Yes, Freshkills Park is among the sites with a lock that can be opened with the Key to the City. Recipients of the key (all 35,000) will also receive a map and guide to wielding it which will indicate how to make use of the key on the Freshkills Park site tour.
Times Square Key to the City Kiosk
open Mon–Fri 2–8pm, Sat–Sun 12–8pm
from June 3rd to 27th
The excellent “Fast Trash” exhibit—featuring Roosevelt Island‘s signature pneumatic vacuum tube garbage disposal system—closed this past weekend. A series of public programs including screenings, walking tours and even musical theater helped to make the exhibit, curated by architect Juliette Spertus, into a real must-see. The video above, which featured at Gallery RIVAA, doesn’t provide the larger international and infrastructural context of the full exhibit, but does provide a look at the history and operation of the pneumatic tube system. It also offers the reminder that no matter how elegantly designed the disposal system, garbage is not pretty.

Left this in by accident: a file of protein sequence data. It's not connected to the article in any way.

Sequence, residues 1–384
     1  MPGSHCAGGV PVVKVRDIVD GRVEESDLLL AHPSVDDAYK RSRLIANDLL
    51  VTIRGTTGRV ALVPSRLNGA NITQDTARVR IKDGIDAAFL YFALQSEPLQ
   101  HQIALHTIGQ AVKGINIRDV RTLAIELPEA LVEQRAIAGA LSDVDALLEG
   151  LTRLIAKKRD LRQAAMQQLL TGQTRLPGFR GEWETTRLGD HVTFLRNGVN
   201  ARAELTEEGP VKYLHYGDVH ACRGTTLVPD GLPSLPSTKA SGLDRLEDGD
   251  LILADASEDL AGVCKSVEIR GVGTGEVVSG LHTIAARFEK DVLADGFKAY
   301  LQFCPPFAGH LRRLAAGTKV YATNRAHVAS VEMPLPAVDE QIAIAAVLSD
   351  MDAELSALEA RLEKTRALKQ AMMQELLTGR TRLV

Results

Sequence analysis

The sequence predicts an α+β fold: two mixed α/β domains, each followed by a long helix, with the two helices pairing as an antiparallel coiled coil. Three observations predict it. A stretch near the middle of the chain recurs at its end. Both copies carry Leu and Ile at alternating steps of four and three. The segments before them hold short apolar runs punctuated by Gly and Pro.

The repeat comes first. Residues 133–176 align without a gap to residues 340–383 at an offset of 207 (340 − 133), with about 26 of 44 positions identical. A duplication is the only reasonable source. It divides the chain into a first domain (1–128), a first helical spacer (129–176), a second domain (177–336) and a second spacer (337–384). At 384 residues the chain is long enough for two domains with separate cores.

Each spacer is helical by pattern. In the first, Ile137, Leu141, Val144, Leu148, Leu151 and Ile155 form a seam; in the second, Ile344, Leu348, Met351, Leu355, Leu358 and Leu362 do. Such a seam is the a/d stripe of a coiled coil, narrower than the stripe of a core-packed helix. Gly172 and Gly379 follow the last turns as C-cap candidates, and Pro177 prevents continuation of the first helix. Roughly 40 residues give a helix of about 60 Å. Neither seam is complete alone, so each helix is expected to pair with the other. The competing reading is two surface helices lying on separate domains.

This coming Tuesday, we’re happy to have photographer Nathan Kensinger joining us for a Staten-Island-centered follow-up to his March talk and slideshow on New York’s post-industrial waterfront. Nathan will be presenting photos from around Staten Island, including an abandoned chewing gum factory, a partially demolished color works, rotting train stations, empty hospitals and boat graveyards. His work has been described in the Staten Island Advance as documenting “places that even the forgotten have forgotten.”
This talk will be co-hosted by the Council on the Arts and Humanities for Staten Island. Should be a fun one.
Tuesday, May 18, 6:30 p.m. @ Cargo Cafe
120 Bay Street, Staten Island (a short walk from the St. George Ferry Terminal)
FREE| No RSVP necessary